When we talk about food reward or tasty titbits, we do mean tasty! It’s the difference between paying someone minimum wage (ie giving the dog a piece of dry kibble from his normal daily food) or a nice big fat wage (ie a really tasty bit of food that he doesn't get in his everyday dinner bowl – examples of recommended tasty treats are below).
The higher the wage, the more attention the dog will give you, enabling you to carry out your training with the greatest benefit.
Recommended tasty training treats:
Before you use any treat, make sure it passes the “Three Second Test” which means:
a) does the dog really WANT it
b) can the dog actually eat the treat and be ready for the next in less than three seconds?
If yes, use it! If no, then give it a miss.
As a quick reference, the “give it a miss” group of treats includes any sort of biscuit – the dog will need to crunch and chew a biscuit.
This means that firstly it is unlikely to be completely consumed within three seconds and secondly, often the dog drops crumbs on the floor which then means its attention goes there, rather than back to you!
Other examples of “treats” (and we use the word loosely) that have been brought to our classes in the past and have not been high in the motivation stakes are:
You should always make sure that you have more than enough treats for your training session. It doesn’t matter if you have too much – you can always put them back in the fridge to use the next day (because of course, you should be carrying out your training on a daily basis!).
Remember as well that the dog should be hungry for the treats before you start your training. It is not sensible to feed your dog his normal dinner and then expect him to work for food rewards.
Finally, we always get the argument that people are worried their dog will get fat. Well, if you are training regularly, walking the dog at least once a day (and training during your walk) then the dog is getting plenty of mental as well as physical stimulation and it is highly unlikely that he or she will get fat.
But if you are worried, you are better off reducing their normal dinner slightly so that they can get their full quota of training treats – if you have a pup or a young dog, you will NEVER get this time again! Don’t waste it!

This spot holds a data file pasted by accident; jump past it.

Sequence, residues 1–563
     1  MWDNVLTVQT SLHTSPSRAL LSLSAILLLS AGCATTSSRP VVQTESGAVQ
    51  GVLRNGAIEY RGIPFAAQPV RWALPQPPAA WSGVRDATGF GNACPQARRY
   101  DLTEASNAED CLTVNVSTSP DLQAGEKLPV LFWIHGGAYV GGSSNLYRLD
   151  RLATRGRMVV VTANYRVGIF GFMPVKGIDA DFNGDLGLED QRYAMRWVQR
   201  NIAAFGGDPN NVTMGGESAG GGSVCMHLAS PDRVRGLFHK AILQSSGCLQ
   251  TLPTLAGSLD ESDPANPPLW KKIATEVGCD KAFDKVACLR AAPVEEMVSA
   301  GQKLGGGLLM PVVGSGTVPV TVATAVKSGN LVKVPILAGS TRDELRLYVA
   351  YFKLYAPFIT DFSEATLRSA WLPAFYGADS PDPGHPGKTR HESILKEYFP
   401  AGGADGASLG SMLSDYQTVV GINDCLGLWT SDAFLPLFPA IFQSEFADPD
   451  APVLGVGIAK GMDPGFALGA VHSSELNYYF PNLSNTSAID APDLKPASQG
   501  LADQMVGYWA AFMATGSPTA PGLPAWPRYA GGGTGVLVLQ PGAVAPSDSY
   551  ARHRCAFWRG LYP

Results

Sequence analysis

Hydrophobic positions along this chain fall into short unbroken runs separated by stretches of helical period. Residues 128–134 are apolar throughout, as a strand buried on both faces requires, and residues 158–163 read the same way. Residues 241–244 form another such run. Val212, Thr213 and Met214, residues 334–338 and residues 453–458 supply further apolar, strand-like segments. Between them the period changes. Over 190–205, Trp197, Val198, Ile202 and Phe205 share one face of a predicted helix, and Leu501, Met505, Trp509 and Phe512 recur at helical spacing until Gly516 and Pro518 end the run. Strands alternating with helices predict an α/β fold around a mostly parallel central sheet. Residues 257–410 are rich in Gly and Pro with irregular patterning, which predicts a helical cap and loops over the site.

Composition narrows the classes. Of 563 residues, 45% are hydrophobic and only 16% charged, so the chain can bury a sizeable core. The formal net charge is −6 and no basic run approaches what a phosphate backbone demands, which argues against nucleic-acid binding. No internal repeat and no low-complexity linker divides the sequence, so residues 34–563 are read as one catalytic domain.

The ball is probably the most common toy used to motivate a dog. Dogs generally like balls as they are comfortable for the dog to pick up and they move really quickly! Great to chase!
And let’s be clear about what we are dealing with when we have a dog that loves to chase a ball.
Basically, this is the dog behaving naturally and being a predator! The ball is the prey, running away as fast as it can and the dog is chasing it, hunting it down! And remember, the faster the ball moves, the better the dog likes it.
So this means that if you are training out in the field on your own, then a good long ball throw is a bigger and better reward for your dog than a little short boring one. Once the dog really gets into this game, your recall also starts to improve dramatically as the dog realises that the quicker he gets the “prey” (the ball) back to you, the quicker it will begin to “run away” (the throw) again! Everyone is a winner!
Use of the toy is the same as with food - we ask or lure the dog into a position or into carrying out an action for us and when the dog complies, we IMMEDIATELY reward the dog with the ball throw.
Some dogs may not be motivated by the “chase” but may like a game of “Tug of War” and this too can be used as a motivational reward by using a ragger or another type of “tug” toy.
A lot of terriers like this kind of game BUT you do need to train a controlled “Leave” before you utilise this method of reward. It is also important that the dog “wins” the game sometimes, otherwise it will cease to be fun!
Finally, whatever method you use to motivate your dog, you must be prepared to reward frequently – a generous trainer whose timing of the reward is swift and relevant will make fast and rewarding progress and earn the trust and willingness of their dog, thus the dog will consider them to be the most important person to be with and strive to please at every opportunity!
Enjoy your dog and your training!